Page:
Corruption Crime Donald Trump GOP Justice Department

The Justice Department Is Going After Trump And The GOP’s Criminal Fundraising Tactics

If there’s one thing Republicans take tremendous pride in, it’s their ability to raise huge sums of money for their candidates at the local, state, and federal level. With very few exceptions, GOP candidates almost always manage to build bigger campaign war chests than their Democratic counterparts.


Failed, one-term former President Donald Trump was fond of bragging about all the cash he was raking in when he ran for reelection unsuccessfully last year, and initially it appeared the Trump 2020 campaign was indeed doing well when it came to fundraising, with the New York Times reporting last April:

“President Trump’s re-election campaign and the Republican National Committee said Monday they had raised $212 million in the first three months of 2020, a signal that despite a global pandemic that has put a halt on high-dollar fund-raising events, Mr. Trump’s operation has continued to raise money at a brisk clip.”

However, the methods used by Trump and the RNC may well have been illegal, and the Justice Department is now taking a close look at the way money has been raised over the past few years, according to Axios:

“A little-noticed line in a recent criminal filing suggests federal prosecutors consider a popular political fundraising tactic to be legally questionable.

“Fundraisers often boast of ‘5x’ or other contribution matches to coax small-dollar donations. The Justice Department indicated in a court filing Monday this could amount to ‘material misrepresentations’ if, as critics often contend, there’s no evidence the match ever occurs.”

One of the groups specifically mentioned by the DOJ this week in what’s known as a Statement of Offense was the Trump-aligned Keep America Great Committee:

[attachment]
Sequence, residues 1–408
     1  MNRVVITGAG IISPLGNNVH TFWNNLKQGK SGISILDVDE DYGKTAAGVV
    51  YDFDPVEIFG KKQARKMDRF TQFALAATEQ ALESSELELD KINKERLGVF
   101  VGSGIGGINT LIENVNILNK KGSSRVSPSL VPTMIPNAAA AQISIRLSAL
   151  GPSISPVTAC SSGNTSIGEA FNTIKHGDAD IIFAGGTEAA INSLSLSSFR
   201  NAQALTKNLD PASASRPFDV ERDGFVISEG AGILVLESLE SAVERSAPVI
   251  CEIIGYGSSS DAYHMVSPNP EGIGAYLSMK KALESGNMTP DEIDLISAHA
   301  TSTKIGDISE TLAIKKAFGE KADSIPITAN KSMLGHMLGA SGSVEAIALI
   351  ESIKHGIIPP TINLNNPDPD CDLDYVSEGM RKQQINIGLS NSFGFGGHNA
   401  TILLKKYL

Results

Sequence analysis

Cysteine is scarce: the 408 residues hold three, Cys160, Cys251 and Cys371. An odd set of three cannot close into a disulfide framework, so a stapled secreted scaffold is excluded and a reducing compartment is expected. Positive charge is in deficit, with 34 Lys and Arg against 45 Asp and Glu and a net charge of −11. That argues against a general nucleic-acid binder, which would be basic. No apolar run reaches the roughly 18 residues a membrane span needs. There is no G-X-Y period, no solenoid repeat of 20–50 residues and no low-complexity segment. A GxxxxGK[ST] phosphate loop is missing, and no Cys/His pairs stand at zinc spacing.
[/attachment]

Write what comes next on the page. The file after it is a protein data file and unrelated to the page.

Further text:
• One of the groups, Keep America Great Committee, sent fundraising emails that “contained material misrepresentations including promising ‘5x’ matching of any donation to KAGC,” DOJ wrote.
  • In a news release on the guilty plea, DOJ emphasized the fraudulent matching offers. “The solicitations promised that individual donations would be “5x matched’ by (defendant James) Bell’s PACs… However, none of the individual donations was ever ‘5x matched’ by Bell or anyone else.”

How big of a deal is what the DOJ is signaling they’re ready to start enforcing? Brett Kappel, a political compliance attorney, called the move “very significant.” He added:

“This prosecution puts fundraisers on notice that the continued use of this very popular fundraising pitch will be treated as a possible violation of the mail and wire fraud statutes.”

Mail and wire fraud. And every fundraising pitch via the U.S. mail or the internet would be a separate count of fraud, which would result in fines and other penalties that could well put the GOP out of business.

So what exactly will Republicans (and Trump, who continues to try and raise funds for his own personal use) do now that they’ve been put on notice by the DOJ? Unless they want to be on the hook for millions in fines and even criminal penalties for top officials in their ranks, they’ll stop with the hyperbole and obey the law.

Of course, we won’t hold our breath waiting for that to happen.


By Andrew Bradford

Proud progressive journalist and political adviser living behind enemy lines in Red America.

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